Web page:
AMD Secure Encrypted Virtualization Canceled by Electrical Attack • The Register

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AMD’s Secure Encrypted Virtualization (SEV) scheme is not as secure as the name suggests.

Boffins of the Technische Universität Berlin devised an attack that defeats the primary purpose of this secure silicon chamber technology: to protect virtual machine data from malicious administrators in cloud environments.

In a document titled “One Glitch to Rule Them All: Fault Injection Attacks Against AMD’s Secure Encrypted Virtualization”, Robert Buhren, Hans Niklas Jacob, Thilo Krachenfels and Jean-Pierre Seifert of the Security in Telecommunications group of TU Berlin, describe how they managed to go up a tension attack by injection of faults.

This shock to the system allowed them to recover secret encryption keys and execute arbitrary code on all AMD chips with secure processors (SPs).

“By manipulating the input voltage of AMD on-chip (SoC) systems, we are inducing an error in the AMD-SP’s read-only memory (ROM) boot loader, which allows us to have full control. on this root of trust, ”the researchers explain in their article.

The attack was inspired by a separate cunning plan, dubbed the Voltpillager, used to defeat Intel’s Software Guard Extensions (SGX), a similar secure enclave system for the x86 microarchitecture.

As with SGX, the SEV attack relies on inexpensive, out-of-the-box components: a Teensy µController (microcontroller) at around $ 30 and a flash programmer at $ 12. The non-hardware prerequisites are more of a problem: they include insider access to a cloud computing company, the ability to connect wires to the server’s motherboard without arousing suspicion, and some technical skills.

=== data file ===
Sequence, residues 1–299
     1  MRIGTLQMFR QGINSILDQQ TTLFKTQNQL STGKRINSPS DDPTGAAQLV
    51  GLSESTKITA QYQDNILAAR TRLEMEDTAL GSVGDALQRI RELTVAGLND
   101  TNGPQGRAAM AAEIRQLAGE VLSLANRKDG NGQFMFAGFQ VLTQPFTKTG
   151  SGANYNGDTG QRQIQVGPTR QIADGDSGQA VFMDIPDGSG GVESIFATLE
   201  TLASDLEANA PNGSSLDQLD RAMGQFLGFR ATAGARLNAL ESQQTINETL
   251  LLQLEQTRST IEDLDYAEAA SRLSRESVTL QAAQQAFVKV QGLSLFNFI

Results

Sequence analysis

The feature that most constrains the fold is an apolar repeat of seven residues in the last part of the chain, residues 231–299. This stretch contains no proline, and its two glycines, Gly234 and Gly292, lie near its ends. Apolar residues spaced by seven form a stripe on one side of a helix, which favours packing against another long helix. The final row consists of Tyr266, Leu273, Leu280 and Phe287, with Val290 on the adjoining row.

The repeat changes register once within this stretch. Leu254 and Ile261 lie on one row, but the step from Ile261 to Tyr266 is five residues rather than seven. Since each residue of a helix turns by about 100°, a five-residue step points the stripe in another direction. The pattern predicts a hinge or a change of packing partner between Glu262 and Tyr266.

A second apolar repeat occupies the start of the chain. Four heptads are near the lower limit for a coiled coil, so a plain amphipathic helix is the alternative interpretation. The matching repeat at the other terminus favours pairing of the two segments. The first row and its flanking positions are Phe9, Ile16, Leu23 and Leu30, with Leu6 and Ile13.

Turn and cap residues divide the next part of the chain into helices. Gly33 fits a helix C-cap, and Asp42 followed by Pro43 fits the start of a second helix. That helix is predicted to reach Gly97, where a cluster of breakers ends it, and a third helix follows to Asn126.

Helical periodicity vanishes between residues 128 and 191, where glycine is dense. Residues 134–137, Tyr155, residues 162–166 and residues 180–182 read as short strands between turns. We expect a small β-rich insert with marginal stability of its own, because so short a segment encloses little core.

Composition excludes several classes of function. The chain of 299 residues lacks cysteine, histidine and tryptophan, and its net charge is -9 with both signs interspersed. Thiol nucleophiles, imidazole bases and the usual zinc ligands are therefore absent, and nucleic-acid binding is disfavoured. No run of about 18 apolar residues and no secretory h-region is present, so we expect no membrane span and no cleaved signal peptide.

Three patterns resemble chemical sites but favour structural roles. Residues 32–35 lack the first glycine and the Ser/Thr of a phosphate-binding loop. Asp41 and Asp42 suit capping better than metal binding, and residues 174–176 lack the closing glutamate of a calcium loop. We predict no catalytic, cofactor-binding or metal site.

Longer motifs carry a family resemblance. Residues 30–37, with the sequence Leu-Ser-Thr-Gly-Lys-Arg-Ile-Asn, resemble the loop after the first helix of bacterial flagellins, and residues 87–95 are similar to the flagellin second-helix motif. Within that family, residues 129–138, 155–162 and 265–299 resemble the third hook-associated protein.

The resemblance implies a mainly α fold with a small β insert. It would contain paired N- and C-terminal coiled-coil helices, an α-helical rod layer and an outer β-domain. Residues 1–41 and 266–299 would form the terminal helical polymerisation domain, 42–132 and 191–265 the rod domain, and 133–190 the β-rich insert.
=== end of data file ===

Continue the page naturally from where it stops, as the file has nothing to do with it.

The register asked AMD for comment. A spokesperson pointed to the physical access requirement to stress that this was not a remote attack scenario, but had nothing to say otherwise.

SEV uses the Secure Processor, a microcontroller that provides the basis for trust in AMD Naples (Zen 1), Rome (Zen 2) and Milan (Zen 3) chips and manages the lifecycle of the VM. It is supposed to protect the data of the hypervisor VM and other VMs.

But by lowering the voltage applied while running the AMD-SP’s ROM bootloader, the researchers were able to extract the chip trust keys (CEKs), which can be used to mount fully remote attacks. .

The boffins also managed to defeat a new key version scheme introduced by the SEV Secure Nested Paging (SEV-SNP) extension last year. [PDF]. By using the electrical problem to extract the seed values ​​from the versioned chip trust key (VCEK), they were able to derive the valid VCEKs for all possible combinations of firmware versions. This represents the first publicly disclosed attack on the SEV-SNP extension, they claim.

The document suggests two possible mitigation paths. One is to modify the software or hardware to detect voltage modulation to prevent execution in the presence of faults.

The other involves adding specific circuits to defend against voltage issues. Researchers observe that this is already a routine for smart cards, and report a recent Nvidia patent for an inter-domain voltage fault detection circuit that can be implemented in an SoC. ®


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